“There are only two reasons a non-seer would see a spirit on St. Mark’s Eve,” Neeve said. “Either you’re his true love . . . or you killed him.”
It is freezing in the churchyard, even before the dead arrive.
Every year, Blue Sargent stands next to her clairvoyant mother as the soon-to-be dead walk past. Blue herself never sees them—not until this year, when a boy emerges from the dark and speaks directly to her.
His name is Gansey, and Blue soon discovers that he is a rich student at Aglionby, the local private school. Blue has a policy of staying away from Aglionby boys. Known as Raven Boys, they can only mean trouble.
But Blue is drawn to Gansey, in a way she can’t entirely explain. He has it all—family money, good looks, devoted friends—but he’s looking for much more than that. He is on a quest that has encompassed three other Raven Boys: Adam, the scholarship student who resents all the privilege around him; Ronan, the fierce soul who ranges from anger to despair; and Noah, the taciturn watcher of the four, who notices many things but says very little.
For as long as she can remember, Blue has been warned that she will cause her true love to die. She never thought this would be a problem. But now, as her life becomes caught up in the strange and sinister world of the Raven Boys, she’s not so sure anymore.
If you haven’t decided to put this book after reading the synopsis STOP! Go back. Open your TBR list and put this on there. Trust me… you won’t be disappointed.
I started up this series before the third book was published, thinking it was a trilogy. It was one of the very first book series that I read. Therefore, I wasn’t quite used to the high-fantasy note it has but came to love its complicated weaving of storylines and mythologies anyway. Back then, the switching of the POVs gave me a minor headache but now that I’ve read it again (after reading books such as ACOTAR, Throne of Glass, The Mortal Instruments etc. etc.) I wouldn’t have it any other way.
The Raven Boys begins with Blue. A teenage girl who’s the only child in a house full of psychics. Also, she’s the only one who doesn’t have any sixth sense or ability to see the future. The only thing she can do is amplify others when it comes to energy.
Right off the bat, I fell in love with this character. She’s a feisty child who isn’t afraid to bark back at those who are taller than her and she takes no shit. Blue knows what she wants and takes it. She can be a little annoying at times. A spoiled brat, even, but it works. It becomes funny whenever she’s with the boys.
Her story too, is a very interesting one. It’s not overly lovey-dovey but she does struggle with the fact she will come to kill her true love. Especially when she comes to know who her true love will be, according to her family’s prophecies and The Corpse Road.
Meeting her true love, Gansey, gives another witty edge to the dense, information-packed story. He’s everything Blue despises. Rich. Arrogant. Seemingly powerful. Loaded with money… Sounds like a prick, right? But he’s not. He’s oblivious to his condescending ways but he tries to be different. That is what makes it so funny. In every way, Gansey’s appearance screams money but he’s so incredibly oblivious to it which causes for a nice back-and-forth banter between him and Blue.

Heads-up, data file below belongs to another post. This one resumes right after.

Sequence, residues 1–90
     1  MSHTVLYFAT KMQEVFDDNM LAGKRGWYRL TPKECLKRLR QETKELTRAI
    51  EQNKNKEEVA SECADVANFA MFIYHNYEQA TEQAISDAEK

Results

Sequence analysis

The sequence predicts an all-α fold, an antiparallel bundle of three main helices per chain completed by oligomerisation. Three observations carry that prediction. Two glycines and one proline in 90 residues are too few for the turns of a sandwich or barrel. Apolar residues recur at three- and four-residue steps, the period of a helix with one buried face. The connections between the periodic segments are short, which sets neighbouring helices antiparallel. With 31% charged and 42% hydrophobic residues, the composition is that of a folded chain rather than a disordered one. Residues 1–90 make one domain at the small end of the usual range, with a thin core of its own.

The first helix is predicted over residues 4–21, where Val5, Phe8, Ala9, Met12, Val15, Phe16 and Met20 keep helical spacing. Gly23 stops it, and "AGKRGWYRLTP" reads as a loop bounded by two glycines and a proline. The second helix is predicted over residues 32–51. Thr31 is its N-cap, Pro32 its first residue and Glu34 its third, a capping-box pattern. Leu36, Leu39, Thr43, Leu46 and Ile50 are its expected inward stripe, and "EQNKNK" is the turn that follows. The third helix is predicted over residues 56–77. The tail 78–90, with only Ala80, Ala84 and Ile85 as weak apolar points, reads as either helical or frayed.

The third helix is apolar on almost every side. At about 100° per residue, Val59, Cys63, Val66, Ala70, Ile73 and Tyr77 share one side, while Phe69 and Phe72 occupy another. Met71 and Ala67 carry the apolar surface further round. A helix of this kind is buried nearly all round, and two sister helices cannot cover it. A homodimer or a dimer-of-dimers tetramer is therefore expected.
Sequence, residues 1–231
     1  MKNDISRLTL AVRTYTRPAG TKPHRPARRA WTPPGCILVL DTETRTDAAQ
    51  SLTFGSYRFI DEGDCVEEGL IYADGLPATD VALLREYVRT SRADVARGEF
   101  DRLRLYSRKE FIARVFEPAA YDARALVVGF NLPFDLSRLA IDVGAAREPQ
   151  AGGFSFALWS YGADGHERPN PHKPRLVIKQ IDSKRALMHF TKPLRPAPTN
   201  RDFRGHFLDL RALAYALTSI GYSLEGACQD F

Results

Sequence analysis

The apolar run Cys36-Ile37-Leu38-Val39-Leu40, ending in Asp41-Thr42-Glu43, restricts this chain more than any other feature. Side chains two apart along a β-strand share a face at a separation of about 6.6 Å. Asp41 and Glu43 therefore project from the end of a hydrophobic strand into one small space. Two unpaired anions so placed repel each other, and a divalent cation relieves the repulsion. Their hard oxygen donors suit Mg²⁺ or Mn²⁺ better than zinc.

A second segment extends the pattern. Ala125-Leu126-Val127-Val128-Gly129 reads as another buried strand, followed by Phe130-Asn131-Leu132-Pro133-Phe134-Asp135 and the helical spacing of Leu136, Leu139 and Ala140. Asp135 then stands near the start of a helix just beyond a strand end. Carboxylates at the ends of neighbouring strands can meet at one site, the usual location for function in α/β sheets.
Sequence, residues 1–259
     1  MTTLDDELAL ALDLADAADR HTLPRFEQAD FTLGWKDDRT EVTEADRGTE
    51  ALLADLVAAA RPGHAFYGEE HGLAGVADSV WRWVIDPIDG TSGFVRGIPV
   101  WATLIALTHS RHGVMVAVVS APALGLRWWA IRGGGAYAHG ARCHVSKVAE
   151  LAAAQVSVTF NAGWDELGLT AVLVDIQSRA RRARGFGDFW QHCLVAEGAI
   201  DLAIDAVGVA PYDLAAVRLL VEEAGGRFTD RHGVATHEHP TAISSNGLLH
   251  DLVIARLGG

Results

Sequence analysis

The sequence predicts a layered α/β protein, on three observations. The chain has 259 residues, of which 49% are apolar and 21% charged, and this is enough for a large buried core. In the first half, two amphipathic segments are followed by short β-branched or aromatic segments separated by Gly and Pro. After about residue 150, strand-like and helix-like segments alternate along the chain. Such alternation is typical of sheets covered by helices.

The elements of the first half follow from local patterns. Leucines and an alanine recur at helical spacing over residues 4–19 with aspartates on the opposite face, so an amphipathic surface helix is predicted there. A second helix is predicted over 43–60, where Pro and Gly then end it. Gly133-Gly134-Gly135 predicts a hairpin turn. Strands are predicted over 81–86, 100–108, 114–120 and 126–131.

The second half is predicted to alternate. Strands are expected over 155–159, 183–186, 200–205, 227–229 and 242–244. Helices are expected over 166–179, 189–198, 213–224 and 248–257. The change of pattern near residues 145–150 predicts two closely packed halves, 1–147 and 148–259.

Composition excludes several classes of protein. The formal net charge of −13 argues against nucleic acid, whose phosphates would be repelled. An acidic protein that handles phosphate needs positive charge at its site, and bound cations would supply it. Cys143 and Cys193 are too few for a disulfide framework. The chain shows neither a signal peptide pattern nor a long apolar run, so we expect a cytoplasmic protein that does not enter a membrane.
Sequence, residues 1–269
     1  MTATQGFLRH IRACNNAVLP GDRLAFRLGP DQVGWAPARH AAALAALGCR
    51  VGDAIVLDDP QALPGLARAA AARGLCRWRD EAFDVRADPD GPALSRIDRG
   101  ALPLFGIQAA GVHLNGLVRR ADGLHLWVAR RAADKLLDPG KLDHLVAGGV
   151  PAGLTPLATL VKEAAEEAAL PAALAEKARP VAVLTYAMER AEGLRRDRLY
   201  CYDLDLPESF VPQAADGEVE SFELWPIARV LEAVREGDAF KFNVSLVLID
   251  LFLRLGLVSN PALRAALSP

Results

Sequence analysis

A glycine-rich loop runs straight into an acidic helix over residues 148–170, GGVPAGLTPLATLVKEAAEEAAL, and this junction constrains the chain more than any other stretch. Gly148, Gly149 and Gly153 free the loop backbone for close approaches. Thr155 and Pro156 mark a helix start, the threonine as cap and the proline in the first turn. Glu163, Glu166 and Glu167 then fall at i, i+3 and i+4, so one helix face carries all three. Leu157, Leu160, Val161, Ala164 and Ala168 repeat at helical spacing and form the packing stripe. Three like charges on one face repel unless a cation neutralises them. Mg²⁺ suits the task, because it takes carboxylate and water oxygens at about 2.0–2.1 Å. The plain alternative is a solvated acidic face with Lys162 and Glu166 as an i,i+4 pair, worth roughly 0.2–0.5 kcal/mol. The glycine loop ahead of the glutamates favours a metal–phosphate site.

But the story does not only revolve around them. It’s about much more. Gansey is obsessed with finding an ancient Welsh King, who’s rumored to be buried underneath a Ley Line in Henrietta, Virginia. During his search for the King, things get more and more dangerous for the three boys and Blue. Other people are searching too. Rumor has it, wake the King and earn a favor. Meaning, ask anything and you’ll be granted your wish.
In their search, the group comes across magical places where time seems to have no meaning, trees that conjure up halucinations (or maybe predictions, which may lead to my heart shattering) and the truth behind a corpse.
Maggie Stiefvater is truly an artist. You can see how she’s matured since she’s written The Wolves of Mercy Fall. The amount of research she did for this series has been tremendous and it goes to show. The depth to the lines, the heapes of information behind the myths and legends… it makes this book such an amazing masterpiece. Maggie is so detailed and descriptive that it’s so easy to imagine the places where they go. The character development, too, is noteworthy. There are loads of characters in this books and yet, Maggie manages to give them all a background. In other words, she rounds her characters with precision.
I recommend this book to everyone who’s interested in Welsh folklore or is simply looking for a great read. It’s a little heavy at times since there’s a lot to process as a reader, so be prepared to really sit down with this book. Don’t let this scare you away, though. It takes a little getting into but I promise you, it’s funny, thrilling and easy to read yet thought-provoking.